This entry comes from Dan at the geographically specific The Ekklesia in Southern Maine and is titled Unity in my Terms. Dan looks at the idea of unity in the Body and how most of us think of unity as other Christians coming to agree with me.
It is not enough to say I seek unity with all fellow believers in Christ, but to only connect myself with those who see unity and see the church the way that I do. I can clearly see that I have much to learn about love, Christian fellowship, and unity from fellow believers, both inside and outside of my own understanding of the church.
This is a hard one, especially for those who have come to see institutional Christianity as contra-Biblical or those of us who subscribe to Reformed theology and see non-Reformed Christians as second-class citizens in the Kingdom. I loved this post and the comments that followed. Dan's wife Stephanie posted this great comment:
If we’re going to BE the Church, then we have to tear down the walls we’ve built. We have to wash the bitter taste from our mouths and LOVE our brothers and sisters regardless of our beliefs or interpretations of scripture. Our SOLE focus should be Christ and our goal should be growing in Christ together.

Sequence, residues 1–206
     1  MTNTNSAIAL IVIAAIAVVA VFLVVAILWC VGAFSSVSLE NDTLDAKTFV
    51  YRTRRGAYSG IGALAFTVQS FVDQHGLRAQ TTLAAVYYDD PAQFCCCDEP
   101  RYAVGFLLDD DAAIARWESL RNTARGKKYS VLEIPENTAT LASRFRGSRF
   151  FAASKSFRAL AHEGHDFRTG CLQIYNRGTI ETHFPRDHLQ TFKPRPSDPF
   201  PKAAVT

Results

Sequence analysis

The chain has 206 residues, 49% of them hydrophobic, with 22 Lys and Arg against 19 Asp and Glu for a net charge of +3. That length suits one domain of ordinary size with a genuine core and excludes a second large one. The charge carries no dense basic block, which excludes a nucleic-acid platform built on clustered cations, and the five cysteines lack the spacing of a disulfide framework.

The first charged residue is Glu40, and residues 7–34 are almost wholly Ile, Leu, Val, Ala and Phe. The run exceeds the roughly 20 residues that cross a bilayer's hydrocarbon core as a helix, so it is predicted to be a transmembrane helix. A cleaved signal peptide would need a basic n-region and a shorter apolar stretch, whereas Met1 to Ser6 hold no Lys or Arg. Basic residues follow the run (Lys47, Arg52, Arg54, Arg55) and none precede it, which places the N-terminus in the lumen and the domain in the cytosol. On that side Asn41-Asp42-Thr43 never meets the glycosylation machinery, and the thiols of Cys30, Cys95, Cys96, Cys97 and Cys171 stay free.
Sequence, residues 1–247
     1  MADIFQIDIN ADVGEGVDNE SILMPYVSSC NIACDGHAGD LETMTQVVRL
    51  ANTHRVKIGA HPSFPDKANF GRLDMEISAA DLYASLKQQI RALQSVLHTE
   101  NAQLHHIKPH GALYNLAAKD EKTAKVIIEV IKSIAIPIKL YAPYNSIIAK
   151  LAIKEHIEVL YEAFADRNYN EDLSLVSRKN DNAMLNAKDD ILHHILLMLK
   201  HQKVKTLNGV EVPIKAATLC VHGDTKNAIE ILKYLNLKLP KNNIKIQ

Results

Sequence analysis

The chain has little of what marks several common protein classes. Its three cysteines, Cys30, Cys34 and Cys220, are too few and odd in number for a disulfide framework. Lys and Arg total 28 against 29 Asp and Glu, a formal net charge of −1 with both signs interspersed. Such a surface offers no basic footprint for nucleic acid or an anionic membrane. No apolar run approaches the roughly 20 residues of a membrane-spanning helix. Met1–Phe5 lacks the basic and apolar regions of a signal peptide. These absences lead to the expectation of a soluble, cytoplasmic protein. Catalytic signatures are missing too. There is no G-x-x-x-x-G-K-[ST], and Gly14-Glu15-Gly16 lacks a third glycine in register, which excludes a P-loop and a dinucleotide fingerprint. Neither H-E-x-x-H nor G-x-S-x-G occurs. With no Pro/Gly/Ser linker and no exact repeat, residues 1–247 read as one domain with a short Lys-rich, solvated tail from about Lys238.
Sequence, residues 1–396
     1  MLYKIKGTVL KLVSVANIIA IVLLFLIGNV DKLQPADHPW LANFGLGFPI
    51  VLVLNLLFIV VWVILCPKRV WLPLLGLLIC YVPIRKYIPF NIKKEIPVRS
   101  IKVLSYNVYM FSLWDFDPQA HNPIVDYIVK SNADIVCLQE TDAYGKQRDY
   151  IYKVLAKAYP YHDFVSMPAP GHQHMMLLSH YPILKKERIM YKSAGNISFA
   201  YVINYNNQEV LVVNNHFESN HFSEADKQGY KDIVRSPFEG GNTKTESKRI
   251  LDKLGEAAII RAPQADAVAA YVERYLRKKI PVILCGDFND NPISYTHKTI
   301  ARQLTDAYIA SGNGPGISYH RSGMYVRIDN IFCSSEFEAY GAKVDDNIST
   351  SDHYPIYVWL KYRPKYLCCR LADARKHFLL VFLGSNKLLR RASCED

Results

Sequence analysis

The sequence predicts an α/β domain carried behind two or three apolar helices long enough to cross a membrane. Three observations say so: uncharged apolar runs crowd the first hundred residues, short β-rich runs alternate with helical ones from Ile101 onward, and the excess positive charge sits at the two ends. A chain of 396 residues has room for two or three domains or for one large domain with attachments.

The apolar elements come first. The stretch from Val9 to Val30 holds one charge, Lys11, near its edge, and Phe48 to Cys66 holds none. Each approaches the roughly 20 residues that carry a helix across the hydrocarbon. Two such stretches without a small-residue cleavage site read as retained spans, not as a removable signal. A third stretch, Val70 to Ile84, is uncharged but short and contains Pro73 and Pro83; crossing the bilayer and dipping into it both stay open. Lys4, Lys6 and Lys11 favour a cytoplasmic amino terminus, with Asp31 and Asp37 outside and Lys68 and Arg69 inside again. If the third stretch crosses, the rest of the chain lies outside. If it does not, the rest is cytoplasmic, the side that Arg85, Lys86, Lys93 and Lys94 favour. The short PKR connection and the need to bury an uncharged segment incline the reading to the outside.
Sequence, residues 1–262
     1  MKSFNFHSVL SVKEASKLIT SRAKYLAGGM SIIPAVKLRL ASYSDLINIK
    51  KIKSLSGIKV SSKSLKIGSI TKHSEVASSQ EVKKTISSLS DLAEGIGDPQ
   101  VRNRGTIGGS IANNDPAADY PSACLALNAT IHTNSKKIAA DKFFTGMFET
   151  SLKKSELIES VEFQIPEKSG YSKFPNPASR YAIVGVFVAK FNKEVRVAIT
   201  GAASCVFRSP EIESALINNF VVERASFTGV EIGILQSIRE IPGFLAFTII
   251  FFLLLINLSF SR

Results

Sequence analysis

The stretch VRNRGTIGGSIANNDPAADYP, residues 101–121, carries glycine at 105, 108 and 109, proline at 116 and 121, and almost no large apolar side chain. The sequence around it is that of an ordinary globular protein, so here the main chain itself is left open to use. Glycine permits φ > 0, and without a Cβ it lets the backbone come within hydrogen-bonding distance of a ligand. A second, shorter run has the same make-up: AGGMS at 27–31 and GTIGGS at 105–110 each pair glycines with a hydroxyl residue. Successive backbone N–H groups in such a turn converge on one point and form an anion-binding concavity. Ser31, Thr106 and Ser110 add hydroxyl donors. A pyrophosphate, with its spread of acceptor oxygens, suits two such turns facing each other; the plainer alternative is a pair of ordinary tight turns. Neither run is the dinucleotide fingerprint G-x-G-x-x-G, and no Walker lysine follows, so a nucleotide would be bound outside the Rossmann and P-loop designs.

Here is what I wrote in reply to the post:
Of course unity means changing your mind and method to agree with me. For others, divisions within the church actually help our unity as unfathomable as that might seem. The hard part is that Biblical unity means that we may not always get our way, in fact it might mean that we never get our way. Our reward then comes not from winning people to our way but just fellowship itself. It is hard indeed to see unity as something that might mean that I have to make all of the sacrifices instead of the other guy sacrificing for me. The mindset of “unity through doctrinal conquest” is a strong one among my fellow Reformed believers and man is it a hard mindset for me to get out of!
Good topic, good conversation. Unity with other Christians is predicated on the Gospel!